In my work with couples it’s quite common for one spouse/partner to want long-term care insurance and the other to be disinterested. Wanna guess which is which?
It’s usually the older, six-foot plus, 300-pound plus guy that is disinterested and the five-foot, 100-pound spouse that is keenly interested.
Big guy vows he will never need long-term care and if he does his wife or kids will take care of him. Right! That’s old-fashioned thinking today.
Long-term care is assistance provided when we can no longer live independently. The need for care may be the result of a chronic illness like diabetes, a disability caused by a stroke, cognitive impairment such as Alzheimer’s or simply growing old and becoming frail.
The government projections are that by the time we reach age 65 there is a 70% chance that we will experience a long-term care event before we die.
Tactfully, I hope, I ask big guy if he’s had the conversation with his wife and kids about long-term care. He hasn’t.
Again, tactfully, I hope, I ask big guy if he is certain his wife will be alive when he needs care. He’s not.
Then with tact, I hope, I ask big guy if he thinks she will be healthy and strong enough to be his caregiver? He’s not sure.
Lastly with tact, I hope, I ask big guy if he thinks she will want to be his hands-on caregiver helping with bathing, dressing, personal hygiene, etc.? He’s pretty sure she wouldn’t.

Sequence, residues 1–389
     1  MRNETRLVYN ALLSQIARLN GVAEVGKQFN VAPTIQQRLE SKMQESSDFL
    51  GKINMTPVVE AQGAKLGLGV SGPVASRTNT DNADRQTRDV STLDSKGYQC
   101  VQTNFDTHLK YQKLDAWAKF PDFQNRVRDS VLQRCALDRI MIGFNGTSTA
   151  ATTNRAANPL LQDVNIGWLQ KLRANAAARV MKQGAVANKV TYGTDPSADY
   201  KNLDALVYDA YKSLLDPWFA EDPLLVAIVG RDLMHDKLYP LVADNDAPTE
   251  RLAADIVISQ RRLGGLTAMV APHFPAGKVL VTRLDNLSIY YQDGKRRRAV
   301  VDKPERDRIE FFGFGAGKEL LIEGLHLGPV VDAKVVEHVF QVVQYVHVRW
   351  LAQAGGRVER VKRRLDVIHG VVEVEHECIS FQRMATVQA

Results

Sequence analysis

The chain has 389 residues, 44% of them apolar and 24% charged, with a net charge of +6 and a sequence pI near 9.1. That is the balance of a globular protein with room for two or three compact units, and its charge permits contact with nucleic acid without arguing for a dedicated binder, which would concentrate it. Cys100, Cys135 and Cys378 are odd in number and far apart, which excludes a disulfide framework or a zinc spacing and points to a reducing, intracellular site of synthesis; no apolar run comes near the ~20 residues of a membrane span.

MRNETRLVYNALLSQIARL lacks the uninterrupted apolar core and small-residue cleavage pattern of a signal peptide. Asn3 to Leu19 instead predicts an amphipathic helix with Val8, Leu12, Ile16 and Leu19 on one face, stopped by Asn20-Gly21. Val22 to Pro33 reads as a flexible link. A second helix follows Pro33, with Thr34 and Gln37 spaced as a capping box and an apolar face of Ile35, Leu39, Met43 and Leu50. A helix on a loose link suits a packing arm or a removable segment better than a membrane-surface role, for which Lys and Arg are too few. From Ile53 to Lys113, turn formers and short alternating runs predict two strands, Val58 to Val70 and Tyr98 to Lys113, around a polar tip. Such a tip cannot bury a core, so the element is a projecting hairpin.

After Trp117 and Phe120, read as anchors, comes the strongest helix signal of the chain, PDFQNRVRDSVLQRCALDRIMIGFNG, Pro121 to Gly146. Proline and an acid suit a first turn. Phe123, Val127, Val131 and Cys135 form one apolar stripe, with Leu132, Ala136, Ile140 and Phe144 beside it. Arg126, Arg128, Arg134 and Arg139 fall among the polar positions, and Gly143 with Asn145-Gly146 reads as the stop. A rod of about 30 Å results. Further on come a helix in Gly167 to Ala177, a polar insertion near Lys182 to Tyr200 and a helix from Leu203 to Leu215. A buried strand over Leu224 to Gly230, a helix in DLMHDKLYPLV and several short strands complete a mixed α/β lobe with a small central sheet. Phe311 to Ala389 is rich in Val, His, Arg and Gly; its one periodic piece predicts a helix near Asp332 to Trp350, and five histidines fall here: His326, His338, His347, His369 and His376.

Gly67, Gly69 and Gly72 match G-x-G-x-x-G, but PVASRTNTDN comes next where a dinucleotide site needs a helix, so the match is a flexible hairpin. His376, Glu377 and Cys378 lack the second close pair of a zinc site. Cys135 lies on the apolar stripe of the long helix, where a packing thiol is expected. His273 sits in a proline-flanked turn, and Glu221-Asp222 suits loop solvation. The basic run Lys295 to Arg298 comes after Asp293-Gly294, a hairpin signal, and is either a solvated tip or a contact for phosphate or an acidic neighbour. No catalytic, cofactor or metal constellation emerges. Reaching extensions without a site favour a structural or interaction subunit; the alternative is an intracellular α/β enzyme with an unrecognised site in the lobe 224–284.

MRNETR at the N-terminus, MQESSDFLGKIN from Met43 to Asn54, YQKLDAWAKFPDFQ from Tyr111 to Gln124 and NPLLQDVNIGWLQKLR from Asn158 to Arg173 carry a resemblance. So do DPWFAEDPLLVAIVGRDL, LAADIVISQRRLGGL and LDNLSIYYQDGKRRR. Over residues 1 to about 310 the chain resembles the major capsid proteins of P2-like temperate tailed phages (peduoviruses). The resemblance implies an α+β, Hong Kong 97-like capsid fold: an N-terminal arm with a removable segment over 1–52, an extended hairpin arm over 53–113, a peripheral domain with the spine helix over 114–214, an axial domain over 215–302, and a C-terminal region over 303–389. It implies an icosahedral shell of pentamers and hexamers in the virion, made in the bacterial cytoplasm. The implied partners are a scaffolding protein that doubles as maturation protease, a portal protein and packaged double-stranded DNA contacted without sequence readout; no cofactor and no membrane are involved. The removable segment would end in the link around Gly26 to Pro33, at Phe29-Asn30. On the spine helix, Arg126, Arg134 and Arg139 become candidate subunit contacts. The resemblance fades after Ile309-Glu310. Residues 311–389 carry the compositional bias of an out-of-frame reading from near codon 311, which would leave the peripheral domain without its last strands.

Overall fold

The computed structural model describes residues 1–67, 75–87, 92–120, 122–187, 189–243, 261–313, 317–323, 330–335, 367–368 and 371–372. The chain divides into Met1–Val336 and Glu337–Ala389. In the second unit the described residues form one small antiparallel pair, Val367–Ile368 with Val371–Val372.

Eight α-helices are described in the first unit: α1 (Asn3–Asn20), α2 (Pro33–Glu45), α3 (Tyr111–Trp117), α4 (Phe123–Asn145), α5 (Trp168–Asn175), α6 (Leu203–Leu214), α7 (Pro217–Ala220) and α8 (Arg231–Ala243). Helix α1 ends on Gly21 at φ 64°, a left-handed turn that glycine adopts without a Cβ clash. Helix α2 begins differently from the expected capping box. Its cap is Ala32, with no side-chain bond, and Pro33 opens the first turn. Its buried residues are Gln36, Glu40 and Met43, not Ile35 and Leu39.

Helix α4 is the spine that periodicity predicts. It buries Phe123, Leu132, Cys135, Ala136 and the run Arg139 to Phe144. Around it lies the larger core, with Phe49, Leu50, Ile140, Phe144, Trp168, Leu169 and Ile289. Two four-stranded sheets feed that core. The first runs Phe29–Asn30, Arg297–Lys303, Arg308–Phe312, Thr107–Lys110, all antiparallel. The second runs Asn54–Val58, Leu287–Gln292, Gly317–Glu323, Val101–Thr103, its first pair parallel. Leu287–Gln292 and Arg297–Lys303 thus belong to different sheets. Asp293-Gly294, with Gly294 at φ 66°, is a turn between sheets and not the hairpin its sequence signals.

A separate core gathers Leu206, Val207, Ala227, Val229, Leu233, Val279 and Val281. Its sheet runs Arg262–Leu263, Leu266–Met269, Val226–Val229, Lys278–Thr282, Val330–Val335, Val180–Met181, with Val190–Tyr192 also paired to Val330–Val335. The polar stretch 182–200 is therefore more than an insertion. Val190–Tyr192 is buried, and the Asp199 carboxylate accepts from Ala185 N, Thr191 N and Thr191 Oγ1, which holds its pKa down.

I relate my personal situation.
My husband was retired, older, and bigger by a bunch. Even if I wanted to be his hands-on caregiver, I was not physically capable. And, besides, I work.
Would I manage his care? Absolutely! Bath and dress him? No way! Not possible. He didn’t want that either. We discussed care issues over the years and revisited the conversation frequently.
70% of older Americans will need long-term care
The elderly have always needed assistance. Traditionally in our country, long-term care has been provided at home by family members – wives, daughters and daughters-in law.
But if you think about it, our society has changed significantly over the past two or three generations. Today, there are more women in the workforce, divorce rates are higher than ever before, we’re having fewer children so there are fewer family members to help with care needs and families are scattered geographically across the country.
Depending on family to provide care is no longer the option that it once was and why being able to pay for care is more important than in times past.
The cost of long-term care surprises most people. The U.S. median annual cost for a private room in a skilled nursing facility is $275 per day or $100,375 annually. The average nursing home stay is 2.8 years. You can do the math. In today’s dollars that’s about $281,000 per person. And, that does not include the cost of home care or other care venues prior to nursing home care.
The projections for costs 20 years from now are mindboggling. At $497 per day or about $181,288 annually. The cost of 2.8 years in a nursing home will be over $507,600 per person.
For women this is double trouble. Women not only provide but also receive the majority of long-term care services.